The meteoric rise of bike share in Seattle in recent years has plateaued as the number of bikes in operation shrink and prices rise. However, despite these changes, people in Seattle took about as many bike share rides in the second quarter of 2019 as they did in 2018, showing that demand for the service remains strong.
In quarter 2 of 2018, people took 595,000 trips when there were about 10,000 bikes, some of which were $1 pedal bikes and some of which were Lime’s e-bikes that cost an extra 5¢ per minute, according to SDOT’s Quarter 2 Bike Share Summary Report (PDF). In quarter 2 of 2019, people took 588,000 trips on about 5,000 bikes that cost 25¢ per minute.
So the good news is that bike share use is still strong, and a single e-bike seems capable of doing the lifting of multiple pedal bikes. But the bad news is that fewer bikes and higher prices have stemmed the growth in bike share use, which had been climbing fast since the services launched in summer 2017.
This report comes as the city is developing the details for an upcoming e-scooter share permit. Scooters have shown to be more popular than bikes in many other cities, and companies have been trying to convince Seattle to permit them for years. So this time next year, we may have scooter data to add to SDOT’s quarter 2 report.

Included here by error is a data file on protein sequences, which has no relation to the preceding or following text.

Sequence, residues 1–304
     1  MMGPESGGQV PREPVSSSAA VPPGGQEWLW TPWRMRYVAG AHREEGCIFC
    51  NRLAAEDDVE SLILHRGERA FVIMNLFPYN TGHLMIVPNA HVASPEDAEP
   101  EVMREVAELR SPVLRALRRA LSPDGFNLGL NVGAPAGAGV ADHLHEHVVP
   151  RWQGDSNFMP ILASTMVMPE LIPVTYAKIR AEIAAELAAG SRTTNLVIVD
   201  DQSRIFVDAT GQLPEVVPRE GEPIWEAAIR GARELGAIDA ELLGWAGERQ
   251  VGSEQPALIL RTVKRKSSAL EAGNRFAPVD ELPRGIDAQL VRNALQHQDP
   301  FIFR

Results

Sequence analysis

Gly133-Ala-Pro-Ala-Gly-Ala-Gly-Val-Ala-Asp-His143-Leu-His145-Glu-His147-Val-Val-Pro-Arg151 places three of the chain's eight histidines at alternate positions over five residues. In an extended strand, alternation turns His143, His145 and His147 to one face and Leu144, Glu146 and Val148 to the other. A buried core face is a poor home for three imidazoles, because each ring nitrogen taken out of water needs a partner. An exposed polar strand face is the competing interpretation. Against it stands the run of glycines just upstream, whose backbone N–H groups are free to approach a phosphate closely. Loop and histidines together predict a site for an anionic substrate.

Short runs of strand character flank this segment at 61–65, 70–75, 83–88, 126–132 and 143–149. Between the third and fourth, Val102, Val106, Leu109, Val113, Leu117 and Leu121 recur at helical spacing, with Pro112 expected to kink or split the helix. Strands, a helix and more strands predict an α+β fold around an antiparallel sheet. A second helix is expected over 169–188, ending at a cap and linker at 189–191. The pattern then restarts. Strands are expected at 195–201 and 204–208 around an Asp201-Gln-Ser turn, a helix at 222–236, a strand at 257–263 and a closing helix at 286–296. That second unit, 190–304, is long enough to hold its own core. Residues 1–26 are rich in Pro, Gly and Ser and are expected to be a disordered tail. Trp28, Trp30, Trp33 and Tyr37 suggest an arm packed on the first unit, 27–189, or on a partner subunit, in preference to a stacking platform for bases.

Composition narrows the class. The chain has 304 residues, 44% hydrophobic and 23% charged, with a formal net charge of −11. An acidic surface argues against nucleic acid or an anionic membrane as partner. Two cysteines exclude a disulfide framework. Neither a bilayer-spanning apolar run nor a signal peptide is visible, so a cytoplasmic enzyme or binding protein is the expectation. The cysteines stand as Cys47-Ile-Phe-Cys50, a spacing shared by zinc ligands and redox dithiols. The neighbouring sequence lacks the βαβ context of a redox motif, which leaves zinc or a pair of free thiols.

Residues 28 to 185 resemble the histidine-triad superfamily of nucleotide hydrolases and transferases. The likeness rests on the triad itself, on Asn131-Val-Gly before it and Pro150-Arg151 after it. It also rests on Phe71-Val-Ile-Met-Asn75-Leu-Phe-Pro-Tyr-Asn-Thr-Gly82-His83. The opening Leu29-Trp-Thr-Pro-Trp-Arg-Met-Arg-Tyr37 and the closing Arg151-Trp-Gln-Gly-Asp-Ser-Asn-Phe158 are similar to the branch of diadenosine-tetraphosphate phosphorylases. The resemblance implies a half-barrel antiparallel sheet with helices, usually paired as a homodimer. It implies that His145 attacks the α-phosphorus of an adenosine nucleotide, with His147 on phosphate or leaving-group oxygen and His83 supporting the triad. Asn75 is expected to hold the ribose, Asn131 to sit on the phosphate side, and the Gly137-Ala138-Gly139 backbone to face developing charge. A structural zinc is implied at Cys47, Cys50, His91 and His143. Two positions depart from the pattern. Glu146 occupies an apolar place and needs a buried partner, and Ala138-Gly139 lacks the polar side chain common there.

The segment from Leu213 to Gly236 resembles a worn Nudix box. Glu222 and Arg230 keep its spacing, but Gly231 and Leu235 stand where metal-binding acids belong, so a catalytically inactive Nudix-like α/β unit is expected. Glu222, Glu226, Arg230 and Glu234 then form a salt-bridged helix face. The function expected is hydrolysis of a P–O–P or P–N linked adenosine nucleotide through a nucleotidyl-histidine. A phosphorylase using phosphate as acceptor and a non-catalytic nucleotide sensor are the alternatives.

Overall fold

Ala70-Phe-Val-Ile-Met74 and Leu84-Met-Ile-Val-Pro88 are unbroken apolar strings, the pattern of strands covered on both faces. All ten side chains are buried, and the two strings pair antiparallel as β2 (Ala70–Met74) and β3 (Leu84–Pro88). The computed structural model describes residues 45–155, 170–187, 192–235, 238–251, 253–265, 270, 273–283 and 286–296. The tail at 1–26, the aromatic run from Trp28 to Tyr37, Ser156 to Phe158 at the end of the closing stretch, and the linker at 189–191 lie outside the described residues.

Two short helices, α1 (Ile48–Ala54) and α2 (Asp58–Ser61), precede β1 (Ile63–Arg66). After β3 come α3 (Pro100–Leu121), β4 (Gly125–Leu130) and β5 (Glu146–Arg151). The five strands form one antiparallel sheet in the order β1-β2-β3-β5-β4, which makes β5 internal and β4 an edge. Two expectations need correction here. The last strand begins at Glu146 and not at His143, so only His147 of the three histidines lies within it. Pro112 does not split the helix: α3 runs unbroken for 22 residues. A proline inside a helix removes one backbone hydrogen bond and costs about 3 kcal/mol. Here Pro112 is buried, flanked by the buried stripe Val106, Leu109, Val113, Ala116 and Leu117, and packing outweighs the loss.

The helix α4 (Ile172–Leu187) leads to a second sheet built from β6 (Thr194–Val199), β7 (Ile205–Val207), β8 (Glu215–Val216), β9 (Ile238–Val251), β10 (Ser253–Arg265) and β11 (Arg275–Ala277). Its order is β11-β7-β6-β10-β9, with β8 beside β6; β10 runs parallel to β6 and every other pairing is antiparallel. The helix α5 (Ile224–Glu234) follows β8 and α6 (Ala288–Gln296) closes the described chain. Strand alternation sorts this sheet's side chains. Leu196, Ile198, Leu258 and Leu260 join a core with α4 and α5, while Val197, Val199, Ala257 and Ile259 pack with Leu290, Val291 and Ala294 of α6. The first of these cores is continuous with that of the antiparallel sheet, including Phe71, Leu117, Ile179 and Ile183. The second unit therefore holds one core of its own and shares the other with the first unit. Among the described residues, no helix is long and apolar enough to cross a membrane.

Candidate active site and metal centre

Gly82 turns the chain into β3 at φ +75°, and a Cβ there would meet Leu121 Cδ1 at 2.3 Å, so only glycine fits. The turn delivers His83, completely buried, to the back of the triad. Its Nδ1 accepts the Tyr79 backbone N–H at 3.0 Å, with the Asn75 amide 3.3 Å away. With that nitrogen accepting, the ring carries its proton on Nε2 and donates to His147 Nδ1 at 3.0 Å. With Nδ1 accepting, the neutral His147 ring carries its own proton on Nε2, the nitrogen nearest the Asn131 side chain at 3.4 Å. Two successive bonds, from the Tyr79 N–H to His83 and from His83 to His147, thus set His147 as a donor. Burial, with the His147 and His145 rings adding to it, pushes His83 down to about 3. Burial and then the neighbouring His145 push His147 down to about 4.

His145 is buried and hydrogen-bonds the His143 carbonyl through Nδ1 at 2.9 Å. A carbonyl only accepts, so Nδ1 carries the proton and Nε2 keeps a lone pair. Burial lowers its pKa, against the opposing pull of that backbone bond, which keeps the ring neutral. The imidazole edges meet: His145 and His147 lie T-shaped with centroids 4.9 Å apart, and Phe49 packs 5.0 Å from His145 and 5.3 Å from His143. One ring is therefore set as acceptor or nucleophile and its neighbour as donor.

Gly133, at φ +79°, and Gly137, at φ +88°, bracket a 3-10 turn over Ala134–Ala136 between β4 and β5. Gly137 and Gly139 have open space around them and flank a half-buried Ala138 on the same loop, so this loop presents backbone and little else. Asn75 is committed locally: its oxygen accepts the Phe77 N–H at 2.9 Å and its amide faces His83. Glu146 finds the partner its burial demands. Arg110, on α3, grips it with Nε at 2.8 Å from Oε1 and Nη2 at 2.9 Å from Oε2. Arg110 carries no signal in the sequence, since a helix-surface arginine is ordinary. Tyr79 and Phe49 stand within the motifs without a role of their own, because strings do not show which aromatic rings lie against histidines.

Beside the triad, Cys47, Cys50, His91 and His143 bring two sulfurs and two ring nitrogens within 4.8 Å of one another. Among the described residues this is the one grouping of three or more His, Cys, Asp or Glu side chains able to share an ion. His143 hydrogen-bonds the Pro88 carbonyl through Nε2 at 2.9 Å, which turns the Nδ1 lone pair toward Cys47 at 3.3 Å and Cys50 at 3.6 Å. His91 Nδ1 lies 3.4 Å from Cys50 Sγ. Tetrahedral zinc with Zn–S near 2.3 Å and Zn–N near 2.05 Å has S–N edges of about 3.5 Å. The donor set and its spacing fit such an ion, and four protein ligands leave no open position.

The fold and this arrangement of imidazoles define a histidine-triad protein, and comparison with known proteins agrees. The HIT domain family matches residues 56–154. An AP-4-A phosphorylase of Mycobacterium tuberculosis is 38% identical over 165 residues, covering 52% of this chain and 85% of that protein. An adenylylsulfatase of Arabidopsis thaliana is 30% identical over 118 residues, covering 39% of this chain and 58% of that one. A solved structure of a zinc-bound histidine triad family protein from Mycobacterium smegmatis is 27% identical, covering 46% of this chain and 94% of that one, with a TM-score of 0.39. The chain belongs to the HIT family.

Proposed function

The report also notes that bikes continue to block sidewalks and curb ramps too often. Nearly a third of bikes audited were found to be parked incorrectly, though there are plenty of places that technically are not allowed for bike parking but don’t really cause issues (an unpaved planting strip, for example). 17.4% of bikes were found to be “obstruction hazards,” which includes “bikes that were left blocking the sidewalk, curb ramps, … building access, on corners within corner-curb radius area, all bikes left in bus zones, and all bikes left in continuous building frontage zones,” according to the report. About 1.6% of bikes were found to be the worst: ADA-prohibited obstructions, which means the bike did not leave at least four feet of space for people to get through.
As a result of the audit, the city further reduced the fleet sizes for each company, though both Lime and Jump were already operating below their new limits. But “these enforcement actions have a cumulative impact, and unless improvement is seen, further reductions may require vendors to temporarily or permanently remove bicycles,” the report notes.
The city is working to expand the supply of bike parking both for personal bikes and free-floating bikes, adding more than 700 spaces so far in 2019 with the goal of adding another 800 by the end of the year. About 70% of the new spaces have been in new on-street bike parking corrals, which are often located adjacent to crosswalks where car parking is already illegal within 20 feet (probably the most-broken traffic law in the city). These corrals improve the supply of bike parking, help keep sidewalks clear and improve visibility at crosswalks.